The aftermath of Queen Elizabeth’s unexpected demise – the first of a British monarch in the digital age – was characterized by a shower of comments, posts, images, and articles. This certainly did not come as a surprise, but what was eerily striking was the polarization of these tributes: they ranged from profound commotion and near-adoration to harsh criticism (sometimes bordering on the ungracious).
A powerful paean of the Queen was published in the Wall Street Journal by Peggy Noonan, well-known columnist, who credited the Queen with having “old school virtues.” Quite different were instead many reactions on the media, with the online community Feminist (nearly 7 million followers on Instagram) insisting on the imperial and colonial legacy of Queen Elizabeth. Similarly, an article on the Guardian was titled “Don’t ask me to give the Queen a minute’s silence.”
In some sense, it can be argued that death unites people, so some of the criticism comes off as unexpected and the paeans as presumable. However, this specific instance is just symptomatic of a much broader, underlying issue: it follows a worrying trend that has emerged with force from the onset of social media. Think of Democrat/Republican, pro vaccines/against vaccines, fascist/communist and many of the labels that are placed on people. The word label itself is a path that can take to the root of the problem: the social media world loves labels because they are quick, in line with the fast food, fast fashion and fast everything world we live in. Labels also allow to distinguish between an us and a them. While a world without labels would be impossible to navigate, an excessive use of these is limiting because the nature of humankind lies in nuances.
Matt Haig, bestselling author, provides interesting reflections on his personal page in this sense: he writes that “social media is really not equipped for the complexity of humans and their feelings.” Indeed, Mr. Haig notes that novels and music are far better equipped for this purpose. Social networks provide such a quick outlet for our emotions that there is not enough time to process them critically: while our feelings provide vital information about the world, they are often too immediate and intense to be followed without reason. Hence, it is only in a state of balance that one can attain dignified self-expression.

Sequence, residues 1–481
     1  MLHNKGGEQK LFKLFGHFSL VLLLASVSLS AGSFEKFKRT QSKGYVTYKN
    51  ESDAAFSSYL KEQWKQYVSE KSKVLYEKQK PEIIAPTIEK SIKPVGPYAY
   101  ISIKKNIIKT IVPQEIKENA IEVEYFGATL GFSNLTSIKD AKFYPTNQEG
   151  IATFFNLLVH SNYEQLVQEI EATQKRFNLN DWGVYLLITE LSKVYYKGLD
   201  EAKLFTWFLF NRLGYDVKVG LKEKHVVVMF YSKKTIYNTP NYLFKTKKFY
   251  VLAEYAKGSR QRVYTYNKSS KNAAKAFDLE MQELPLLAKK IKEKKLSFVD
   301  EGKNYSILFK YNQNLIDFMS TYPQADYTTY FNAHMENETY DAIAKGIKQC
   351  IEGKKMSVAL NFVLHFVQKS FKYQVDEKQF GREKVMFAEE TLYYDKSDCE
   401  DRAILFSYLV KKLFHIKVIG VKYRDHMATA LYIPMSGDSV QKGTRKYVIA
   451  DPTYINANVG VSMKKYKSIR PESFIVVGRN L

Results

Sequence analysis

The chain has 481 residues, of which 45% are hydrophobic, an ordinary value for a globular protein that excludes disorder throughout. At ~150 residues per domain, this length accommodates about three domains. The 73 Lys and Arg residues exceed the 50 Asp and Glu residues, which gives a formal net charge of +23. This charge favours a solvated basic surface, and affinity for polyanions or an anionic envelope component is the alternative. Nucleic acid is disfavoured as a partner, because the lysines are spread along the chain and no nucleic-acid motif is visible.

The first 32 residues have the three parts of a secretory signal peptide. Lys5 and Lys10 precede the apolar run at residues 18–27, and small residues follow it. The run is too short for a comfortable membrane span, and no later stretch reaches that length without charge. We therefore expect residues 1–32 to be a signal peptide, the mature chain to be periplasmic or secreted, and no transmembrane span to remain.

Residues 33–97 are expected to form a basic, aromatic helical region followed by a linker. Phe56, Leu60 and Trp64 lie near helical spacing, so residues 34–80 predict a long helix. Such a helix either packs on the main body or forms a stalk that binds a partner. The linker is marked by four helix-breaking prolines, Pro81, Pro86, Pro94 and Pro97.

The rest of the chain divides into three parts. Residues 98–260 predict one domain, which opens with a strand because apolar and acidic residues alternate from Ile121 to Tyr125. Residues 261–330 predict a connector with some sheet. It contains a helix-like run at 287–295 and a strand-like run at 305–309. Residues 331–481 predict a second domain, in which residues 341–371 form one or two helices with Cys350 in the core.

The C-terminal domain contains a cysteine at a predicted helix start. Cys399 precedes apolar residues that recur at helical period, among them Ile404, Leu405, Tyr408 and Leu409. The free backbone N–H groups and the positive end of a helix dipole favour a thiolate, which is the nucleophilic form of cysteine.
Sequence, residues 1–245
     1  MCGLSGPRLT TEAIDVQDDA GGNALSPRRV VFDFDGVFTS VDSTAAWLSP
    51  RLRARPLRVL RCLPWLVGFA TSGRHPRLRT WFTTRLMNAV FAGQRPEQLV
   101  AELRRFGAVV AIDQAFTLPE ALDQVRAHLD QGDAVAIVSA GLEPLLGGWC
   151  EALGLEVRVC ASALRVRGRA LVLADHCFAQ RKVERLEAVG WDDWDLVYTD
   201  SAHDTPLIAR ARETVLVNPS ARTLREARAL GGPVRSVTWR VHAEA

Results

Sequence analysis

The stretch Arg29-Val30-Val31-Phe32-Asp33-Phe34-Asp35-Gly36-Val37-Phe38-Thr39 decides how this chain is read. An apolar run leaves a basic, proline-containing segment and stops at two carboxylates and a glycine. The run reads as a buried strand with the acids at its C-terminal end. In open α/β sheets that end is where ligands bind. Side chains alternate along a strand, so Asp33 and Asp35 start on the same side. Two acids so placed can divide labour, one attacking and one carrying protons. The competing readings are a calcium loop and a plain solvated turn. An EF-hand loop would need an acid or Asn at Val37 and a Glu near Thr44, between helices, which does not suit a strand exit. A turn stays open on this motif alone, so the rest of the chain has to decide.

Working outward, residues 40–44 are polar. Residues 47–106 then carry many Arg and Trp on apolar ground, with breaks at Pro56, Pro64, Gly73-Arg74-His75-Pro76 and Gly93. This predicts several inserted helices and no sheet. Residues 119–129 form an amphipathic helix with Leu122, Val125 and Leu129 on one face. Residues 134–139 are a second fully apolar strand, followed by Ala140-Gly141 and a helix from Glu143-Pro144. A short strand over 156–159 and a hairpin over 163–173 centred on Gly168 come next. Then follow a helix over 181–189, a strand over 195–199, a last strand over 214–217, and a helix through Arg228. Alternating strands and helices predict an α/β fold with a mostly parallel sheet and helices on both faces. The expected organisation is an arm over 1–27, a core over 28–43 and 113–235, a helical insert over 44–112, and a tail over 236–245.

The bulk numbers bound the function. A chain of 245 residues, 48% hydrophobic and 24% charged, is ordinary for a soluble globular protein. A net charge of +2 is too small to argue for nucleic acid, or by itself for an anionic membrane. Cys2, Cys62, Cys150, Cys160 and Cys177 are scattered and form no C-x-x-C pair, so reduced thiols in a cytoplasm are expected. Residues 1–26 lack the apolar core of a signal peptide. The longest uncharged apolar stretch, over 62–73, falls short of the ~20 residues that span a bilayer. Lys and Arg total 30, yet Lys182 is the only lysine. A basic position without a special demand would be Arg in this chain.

The most famous apology of equilibrium comes from Aristotle and his Ethics. With the notion of a “golden mean,” the Greek philosopher expressed his disdain for extremes and the need for a search of something in-between. Greek culture tended to this ideal, and it was perfectly embodied in the calming lines of their temples, sculptures, and palaces. Aristotle knew far too well, however, that the mean was not a mathematical one, and that sometimes equilibrium did not lie exactly in the middle. In the case of a historic demise, for instance, the balance might be closer to solemnity than thoughtlessness.
Some may argue that a search for equilibrium is useless in the modern world: Stefan Zweig, in his “The World of Yesterday,” looked with sympathy at his parents who lived in a “world of security” that was crushed by two bloody wars. Nonetheless, he admits to being contrasted about whether he would prefer a life of stability to one of intensity. Unfortunately, Zweig did not have a choice, as “all the livid steeds of the Apocalypse … stormed through [his] life.”
Perhaps, Stefan Zweig’s admonition is that one should not abandon the search for equilibrium, but that this should not come at the cost of the illusion that security is eternal. Maintaining flexibility in one’s thoughts and actions can aid in reaching a steady state, and it can shield from the dramatic polarization of our times.